Cumulus clouds have since long been one of the greatest challenges in the atmospheric sciences. For a correct representation of clouds in weather and climate models, where they are the largest unknowns, a good understanding of interaction between cloud and environment is of prime importance. In this thesis, this problem is attacked with a combination of detailed numerical simulations and air-plane observations.
While the traditional view states that air inside the cloud goes up, and all the air outside goes down in compensation, it is found here that on average, the air far away from the cloud hardly moves. Most of the compensating downward motion happens in the direct vicinity of the cloud, in a subsiding shell. This shell is shown to be due to cloudy air that evaporates, cools, and therefore sinks. Interaction between cloud and environment only happens through the buffer layer created by the shell.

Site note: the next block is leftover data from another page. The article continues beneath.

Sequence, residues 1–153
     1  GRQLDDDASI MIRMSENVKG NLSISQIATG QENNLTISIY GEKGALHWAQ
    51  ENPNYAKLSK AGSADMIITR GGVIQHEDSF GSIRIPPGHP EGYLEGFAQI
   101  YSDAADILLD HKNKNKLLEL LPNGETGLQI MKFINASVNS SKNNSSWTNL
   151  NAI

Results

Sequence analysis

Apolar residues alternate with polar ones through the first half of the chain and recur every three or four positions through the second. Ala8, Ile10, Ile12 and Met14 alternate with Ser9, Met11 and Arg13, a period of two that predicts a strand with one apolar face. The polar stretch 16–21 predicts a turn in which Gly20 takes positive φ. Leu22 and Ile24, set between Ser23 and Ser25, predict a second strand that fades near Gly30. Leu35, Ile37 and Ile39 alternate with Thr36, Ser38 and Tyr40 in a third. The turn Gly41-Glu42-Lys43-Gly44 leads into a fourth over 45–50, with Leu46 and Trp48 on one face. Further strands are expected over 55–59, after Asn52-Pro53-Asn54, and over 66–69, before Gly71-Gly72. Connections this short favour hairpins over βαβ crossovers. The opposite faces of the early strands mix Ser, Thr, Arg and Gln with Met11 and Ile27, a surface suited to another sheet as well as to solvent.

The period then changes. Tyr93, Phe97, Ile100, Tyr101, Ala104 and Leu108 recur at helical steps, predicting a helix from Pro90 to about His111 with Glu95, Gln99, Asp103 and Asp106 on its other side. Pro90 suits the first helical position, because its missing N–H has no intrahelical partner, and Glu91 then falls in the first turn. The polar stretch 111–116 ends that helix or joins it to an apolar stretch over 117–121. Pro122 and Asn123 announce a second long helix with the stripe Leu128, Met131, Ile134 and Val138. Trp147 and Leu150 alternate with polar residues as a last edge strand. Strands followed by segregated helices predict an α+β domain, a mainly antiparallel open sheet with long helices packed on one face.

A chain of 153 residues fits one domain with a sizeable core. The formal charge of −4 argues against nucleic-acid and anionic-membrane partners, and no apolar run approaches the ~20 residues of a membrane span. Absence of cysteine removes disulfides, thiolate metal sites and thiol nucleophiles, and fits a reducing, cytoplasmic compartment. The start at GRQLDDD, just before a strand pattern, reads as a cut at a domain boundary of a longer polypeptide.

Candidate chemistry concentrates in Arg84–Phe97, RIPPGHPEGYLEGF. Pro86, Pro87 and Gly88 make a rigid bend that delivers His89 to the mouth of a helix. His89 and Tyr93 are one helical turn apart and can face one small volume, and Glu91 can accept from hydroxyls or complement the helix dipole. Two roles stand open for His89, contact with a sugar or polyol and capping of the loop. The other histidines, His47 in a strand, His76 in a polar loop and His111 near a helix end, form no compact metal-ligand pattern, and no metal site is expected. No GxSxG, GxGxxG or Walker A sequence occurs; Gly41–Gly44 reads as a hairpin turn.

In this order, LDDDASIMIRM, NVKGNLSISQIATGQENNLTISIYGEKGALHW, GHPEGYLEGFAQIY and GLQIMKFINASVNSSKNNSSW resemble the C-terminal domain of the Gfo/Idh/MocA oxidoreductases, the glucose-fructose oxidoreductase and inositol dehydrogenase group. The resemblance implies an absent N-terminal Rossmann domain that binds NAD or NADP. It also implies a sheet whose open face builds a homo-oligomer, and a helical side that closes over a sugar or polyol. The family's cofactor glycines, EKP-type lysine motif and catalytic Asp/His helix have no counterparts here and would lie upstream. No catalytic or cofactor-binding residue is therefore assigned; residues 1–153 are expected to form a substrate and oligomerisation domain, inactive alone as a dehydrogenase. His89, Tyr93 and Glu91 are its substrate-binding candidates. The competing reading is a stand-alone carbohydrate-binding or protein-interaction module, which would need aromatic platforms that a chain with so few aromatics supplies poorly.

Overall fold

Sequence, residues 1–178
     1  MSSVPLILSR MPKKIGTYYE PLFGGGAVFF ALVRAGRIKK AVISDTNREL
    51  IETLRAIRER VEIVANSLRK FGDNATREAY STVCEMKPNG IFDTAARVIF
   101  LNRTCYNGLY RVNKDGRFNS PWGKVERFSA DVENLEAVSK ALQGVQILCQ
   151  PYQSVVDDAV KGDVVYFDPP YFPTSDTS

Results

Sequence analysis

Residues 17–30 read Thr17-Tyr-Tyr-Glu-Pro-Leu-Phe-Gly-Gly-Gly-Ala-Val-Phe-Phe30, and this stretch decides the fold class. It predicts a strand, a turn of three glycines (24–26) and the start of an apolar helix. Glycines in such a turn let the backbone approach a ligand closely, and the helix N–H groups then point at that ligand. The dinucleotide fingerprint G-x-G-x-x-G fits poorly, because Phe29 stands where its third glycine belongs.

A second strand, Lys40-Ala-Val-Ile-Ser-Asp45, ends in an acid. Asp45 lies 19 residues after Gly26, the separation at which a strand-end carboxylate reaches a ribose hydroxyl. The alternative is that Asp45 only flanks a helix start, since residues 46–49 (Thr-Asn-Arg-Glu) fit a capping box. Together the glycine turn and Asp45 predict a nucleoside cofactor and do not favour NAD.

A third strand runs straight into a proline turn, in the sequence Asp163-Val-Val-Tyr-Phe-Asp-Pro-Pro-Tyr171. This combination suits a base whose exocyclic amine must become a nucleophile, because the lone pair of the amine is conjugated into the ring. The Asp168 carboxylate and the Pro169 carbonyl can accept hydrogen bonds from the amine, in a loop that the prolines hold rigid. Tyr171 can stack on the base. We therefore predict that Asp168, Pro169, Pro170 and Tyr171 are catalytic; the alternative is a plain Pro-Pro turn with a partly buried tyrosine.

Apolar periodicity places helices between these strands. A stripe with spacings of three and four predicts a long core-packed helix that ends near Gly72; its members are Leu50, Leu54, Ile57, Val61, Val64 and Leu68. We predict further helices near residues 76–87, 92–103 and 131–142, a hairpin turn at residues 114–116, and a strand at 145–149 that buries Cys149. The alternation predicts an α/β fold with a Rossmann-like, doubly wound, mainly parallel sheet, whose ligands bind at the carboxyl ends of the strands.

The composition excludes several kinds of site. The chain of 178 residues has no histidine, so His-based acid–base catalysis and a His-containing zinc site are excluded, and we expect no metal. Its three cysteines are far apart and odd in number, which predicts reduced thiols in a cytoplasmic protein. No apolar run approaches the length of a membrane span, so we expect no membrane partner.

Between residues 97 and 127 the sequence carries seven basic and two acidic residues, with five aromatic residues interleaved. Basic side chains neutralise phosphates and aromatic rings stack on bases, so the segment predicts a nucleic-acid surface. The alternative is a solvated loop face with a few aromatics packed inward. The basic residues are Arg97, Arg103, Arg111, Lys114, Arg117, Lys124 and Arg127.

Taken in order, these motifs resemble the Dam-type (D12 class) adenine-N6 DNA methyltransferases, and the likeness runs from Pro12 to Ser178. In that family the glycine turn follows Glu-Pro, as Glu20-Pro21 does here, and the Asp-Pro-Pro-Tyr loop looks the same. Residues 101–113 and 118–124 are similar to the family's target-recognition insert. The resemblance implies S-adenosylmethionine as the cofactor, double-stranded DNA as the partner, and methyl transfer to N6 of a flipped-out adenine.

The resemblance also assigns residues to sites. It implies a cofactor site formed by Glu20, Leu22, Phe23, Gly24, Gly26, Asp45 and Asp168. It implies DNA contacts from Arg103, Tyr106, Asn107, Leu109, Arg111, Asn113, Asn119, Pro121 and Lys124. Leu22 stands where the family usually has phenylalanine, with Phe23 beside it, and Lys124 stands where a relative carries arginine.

The shell is especially strong due to the horizontal mixing that is dominant in the cloud-environment interaction: processes that happen at the top of the cloud have little or no influence at lower levels. As a function of time, the cloud is not behaving like a continuous upward moving thermal, but consists of several bubble like pulses. Again, horizontal mixing is important in understanding the physics of these pulses.
T Heus. On the edge of a cloud
published, TU Delft, 2008